Parisian dreams: 5 things we learned at Game Connection 2014


Parisian dreams: 5 things we learned at Game Connection 2014

When I first laid eyes on the Paris Expo Centre, the home of Game Connection Europe 2014, I couldn't help but feel a little overawed.

The venue, much like the show itself, was enormous, and from the first minute to the last the conference hall and the surrounding area was a hub of activity.

The industry was in its element, but juggling all of those meetings, talks, and copious amounts of networking is demanding, so we wouldn't judge you for accidentally letting some of the more important moments slip by.

After all, that's why we're here: to make sure you don't miss out on the lessons that matter.

So, for those of you who decided to sacrifice a talk in the name of a lie in; for those of you who had to choose between seeing that special speaker and closing a deal; and for those of you who simply spent too much time sampling the fine food on offer and exploring the city: here's the five most important things we learned at Game Connection 2014.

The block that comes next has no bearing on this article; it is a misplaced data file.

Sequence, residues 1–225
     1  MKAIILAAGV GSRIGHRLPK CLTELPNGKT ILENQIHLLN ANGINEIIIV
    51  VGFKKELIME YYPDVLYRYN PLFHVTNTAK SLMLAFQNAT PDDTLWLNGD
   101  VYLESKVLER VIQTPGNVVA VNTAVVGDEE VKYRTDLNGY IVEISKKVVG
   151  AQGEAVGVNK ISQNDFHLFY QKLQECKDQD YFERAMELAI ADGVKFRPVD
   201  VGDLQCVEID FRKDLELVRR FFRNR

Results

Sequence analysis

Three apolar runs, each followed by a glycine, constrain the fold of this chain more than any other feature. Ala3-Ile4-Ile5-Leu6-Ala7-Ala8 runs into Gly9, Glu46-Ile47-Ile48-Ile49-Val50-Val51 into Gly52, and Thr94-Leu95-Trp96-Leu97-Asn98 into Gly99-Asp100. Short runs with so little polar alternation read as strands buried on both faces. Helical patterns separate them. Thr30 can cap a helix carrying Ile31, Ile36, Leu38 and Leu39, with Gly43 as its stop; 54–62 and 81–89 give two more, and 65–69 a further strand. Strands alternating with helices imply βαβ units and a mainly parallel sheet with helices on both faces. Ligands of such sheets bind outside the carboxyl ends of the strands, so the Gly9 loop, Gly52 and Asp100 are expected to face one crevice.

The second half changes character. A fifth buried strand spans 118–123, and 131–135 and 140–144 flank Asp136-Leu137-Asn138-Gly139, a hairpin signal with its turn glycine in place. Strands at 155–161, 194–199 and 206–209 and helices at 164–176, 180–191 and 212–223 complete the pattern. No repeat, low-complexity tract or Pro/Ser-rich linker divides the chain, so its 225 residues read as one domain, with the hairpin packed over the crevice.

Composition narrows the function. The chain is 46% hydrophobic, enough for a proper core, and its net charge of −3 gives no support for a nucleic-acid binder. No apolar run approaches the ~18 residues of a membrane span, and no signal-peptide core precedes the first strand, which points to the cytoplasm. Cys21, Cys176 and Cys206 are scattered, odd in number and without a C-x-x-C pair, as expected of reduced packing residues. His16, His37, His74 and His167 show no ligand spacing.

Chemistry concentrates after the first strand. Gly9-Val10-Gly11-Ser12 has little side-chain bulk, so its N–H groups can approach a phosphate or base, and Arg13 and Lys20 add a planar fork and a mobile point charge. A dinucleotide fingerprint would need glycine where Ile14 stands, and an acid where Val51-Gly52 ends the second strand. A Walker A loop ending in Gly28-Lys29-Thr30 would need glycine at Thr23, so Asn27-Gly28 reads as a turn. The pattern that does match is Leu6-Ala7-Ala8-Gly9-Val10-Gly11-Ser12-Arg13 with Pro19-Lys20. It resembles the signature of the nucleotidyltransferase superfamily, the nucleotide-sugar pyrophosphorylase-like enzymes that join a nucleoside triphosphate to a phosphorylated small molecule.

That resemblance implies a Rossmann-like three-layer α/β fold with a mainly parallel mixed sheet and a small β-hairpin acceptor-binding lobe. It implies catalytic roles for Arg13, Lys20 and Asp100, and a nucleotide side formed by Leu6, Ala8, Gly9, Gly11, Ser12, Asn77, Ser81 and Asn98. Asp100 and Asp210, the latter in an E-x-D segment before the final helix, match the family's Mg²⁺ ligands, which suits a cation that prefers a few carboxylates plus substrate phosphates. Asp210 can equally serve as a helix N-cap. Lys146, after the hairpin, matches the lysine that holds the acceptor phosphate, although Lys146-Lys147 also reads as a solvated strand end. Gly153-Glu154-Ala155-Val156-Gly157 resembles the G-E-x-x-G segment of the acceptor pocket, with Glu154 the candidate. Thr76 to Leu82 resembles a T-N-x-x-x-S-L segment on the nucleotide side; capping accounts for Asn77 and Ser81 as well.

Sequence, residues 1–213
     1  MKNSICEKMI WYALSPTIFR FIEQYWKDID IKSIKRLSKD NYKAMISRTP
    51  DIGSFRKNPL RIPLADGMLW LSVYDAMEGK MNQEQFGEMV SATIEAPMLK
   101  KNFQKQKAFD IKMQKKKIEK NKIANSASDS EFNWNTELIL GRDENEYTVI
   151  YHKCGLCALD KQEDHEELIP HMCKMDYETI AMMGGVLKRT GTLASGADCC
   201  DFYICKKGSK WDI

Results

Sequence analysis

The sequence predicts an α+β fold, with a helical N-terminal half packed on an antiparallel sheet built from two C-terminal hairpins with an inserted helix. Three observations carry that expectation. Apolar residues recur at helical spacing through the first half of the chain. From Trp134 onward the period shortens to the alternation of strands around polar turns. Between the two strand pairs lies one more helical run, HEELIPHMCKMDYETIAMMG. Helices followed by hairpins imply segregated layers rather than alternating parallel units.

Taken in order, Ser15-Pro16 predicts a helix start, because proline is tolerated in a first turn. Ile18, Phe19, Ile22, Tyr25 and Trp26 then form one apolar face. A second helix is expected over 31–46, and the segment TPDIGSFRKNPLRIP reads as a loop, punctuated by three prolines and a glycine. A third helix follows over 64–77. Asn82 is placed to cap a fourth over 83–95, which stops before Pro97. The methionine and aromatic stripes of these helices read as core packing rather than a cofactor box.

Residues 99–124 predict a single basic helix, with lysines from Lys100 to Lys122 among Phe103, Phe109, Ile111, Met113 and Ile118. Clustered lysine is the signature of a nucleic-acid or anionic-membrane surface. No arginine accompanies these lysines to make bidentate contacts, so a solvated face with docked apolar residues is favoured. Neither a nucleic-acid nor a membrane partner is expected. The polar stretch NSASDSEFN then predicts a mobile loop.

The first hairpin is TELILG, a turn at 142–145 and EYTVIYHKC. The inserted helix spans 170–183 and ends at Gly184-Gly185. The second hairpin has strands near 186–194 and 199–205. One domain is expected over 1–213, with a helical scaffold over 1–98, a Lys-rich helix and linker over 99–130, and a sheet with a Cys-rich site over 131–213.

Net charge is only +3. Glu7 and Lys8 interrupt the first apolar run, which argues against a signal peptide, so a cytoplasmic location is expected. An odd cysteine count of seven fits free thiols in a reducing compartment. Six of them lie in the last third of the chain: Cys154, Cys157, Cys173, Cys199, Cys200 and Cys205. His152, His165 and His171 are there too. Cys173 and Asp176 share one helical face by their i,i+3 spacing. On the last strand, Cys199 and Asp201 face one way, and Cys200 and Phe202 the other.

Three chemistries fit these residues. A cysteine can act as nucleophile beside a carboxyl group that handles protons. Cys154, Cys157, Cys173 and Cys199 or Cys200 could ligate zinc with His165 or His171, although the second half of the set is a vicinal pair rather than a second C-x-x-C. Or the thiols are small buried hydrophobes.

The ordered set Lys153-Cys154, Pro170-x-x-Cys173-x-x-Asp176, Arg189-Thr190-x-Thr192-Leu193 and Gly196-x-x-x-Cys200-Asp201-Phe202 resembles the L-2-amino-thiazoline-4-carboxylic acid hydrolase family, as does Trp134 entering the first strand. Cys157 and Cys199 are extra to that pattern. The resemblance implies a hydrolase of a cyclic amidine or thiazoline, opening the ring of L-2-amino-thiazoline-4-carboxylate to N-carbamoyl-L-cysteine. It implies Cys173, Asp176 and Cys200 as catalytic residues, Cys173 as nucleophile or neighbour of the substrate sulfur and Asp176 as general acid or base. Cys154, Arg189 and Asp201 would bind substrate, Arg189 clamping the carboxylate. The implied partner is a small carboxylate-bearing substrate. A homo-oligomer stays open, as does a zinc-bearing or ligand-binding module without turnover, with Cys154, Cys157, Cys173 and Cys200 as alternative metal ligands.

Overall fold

Click here to view the list »
  • 5 Expect the unexpected

    This piece of advice isn't necessarily aimed at people who work in the games industry, but that doesn't mean it isn't worth heeding.

    See, whenever you're travelling, it's best to expect the unexpected. If there's such a thing as a conference that goes off without a hitch, I haven't heard of it.

    Whether it's a delayed plane, lost luggage, excruciatingly pricey travel, cancelled talks, or an adverse reaction to some foreign food - frogs legs, anyone? - something, almost always, goes wrong.

    Don't worry though, because as soon as you accept that fact, you might find your experiences on the conference circuit are infinitely more relaxing.

  • 4 Know thyself

    At our Mobile Mixer in Paris we assembled a crack team of industry experts to tackle the mobile industry's killer question: how do you reach consumers and make money?